The surgical outcomes were poor when otosclerosis involved the RW [22]. This is explained by our circuit model. If a lesion involves the RW, the RRW increases (Supplementary Fig. 3). In such a case, BC hearing is likely to be poor preoperatively (Supplementary Fig. 3A), and the prognosis would also be unfavorable. Even after successful surgery, the gradient (4V in Supplementary Fig. 3B) would be less than normal (6 V in Fig. 4A).
Overall, improved BC hearing after middle ear surgery does not reflect the recovery of a sensorineural component. Preoperative BC hearing may be underestimated for the reasons described above. In the clinic, if a patient presents with otosclerosis, and an otologist considers whether to perform surgery, the preoperative BC hearing at 1,000–2,000 Hz may be underestimated. For example, an apparent air-bone gap of 20 dB may in fact be about 30 dB. Such a difference affects decision-making. Therefore, considering the possibility of the improvement of BC hearing after surgery, the authors have recently chosen to offer stapes surgery to those otosclerosis patients.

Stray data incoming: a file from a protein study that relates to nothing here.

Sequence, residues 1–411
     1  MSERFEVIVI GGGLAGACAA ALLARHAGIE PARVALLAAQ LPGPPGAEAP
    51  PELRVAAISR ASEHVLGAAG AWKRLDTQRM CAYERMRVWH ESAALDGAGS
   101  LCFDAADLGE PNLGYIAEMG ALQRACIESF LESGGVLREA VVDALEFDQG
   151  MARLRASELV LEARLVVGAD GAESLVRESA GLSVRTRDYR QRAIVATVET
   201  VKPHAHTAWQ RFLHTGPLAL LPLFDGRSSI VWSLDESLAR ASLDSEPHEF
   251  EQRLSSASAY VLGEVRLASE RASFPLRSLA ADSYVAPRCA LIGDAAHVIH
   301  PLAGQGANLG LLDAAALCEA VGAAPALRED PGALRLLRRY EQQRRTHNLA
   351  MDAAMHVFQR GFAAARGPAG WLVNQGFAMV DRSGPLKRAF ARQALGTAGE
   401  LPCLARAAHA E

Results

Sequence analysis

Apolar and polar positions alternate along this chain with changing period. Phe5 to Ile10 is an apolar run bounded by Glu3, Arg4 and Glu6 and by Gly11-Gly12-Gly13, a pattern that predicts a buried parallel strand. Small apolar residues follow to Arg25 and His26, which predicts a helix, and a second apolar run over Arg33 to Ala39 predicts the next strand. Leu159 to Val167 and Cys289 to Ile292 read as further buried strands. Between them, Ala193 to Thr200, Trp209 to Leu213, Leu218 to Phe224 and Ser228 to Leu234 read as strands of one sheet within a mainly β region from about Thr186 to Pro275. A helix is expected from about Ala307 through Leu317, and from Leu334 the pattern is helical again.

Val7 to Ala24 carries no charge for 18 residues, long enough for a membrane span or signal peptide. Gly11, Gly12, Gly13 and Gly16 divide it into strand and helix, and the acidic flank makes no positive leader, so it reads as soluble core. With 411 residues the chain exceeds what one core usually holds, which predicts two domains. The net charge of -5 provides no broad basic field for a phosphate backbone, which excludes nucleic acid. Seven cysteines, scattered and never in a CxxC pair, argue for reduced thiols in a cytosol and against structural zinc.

BC hearing improvement after middle ear surgery is not rare, and BC hearing may be underestimated before surgery. This improvement is generally associated with larger postoperative AC hearing gains. Compared to ossiculoplasty patients, this improvement was more evident after stapes surgery, which may be associated with a renewed ability of the OW to function as a window. When considering whether to perform surgery, it should be borne in mind that the BC thresholds at 1,000–2,000 Hz may rise by about 10 dB.


▪ Bone conduction can improve when air conduction is enhanced after ear surgery.
▪ Improved bone conduction was most pronounced after stapes surgery.
▪ The improvement in bone conduction could be explained by a hypothetical circuit model and the third window theory.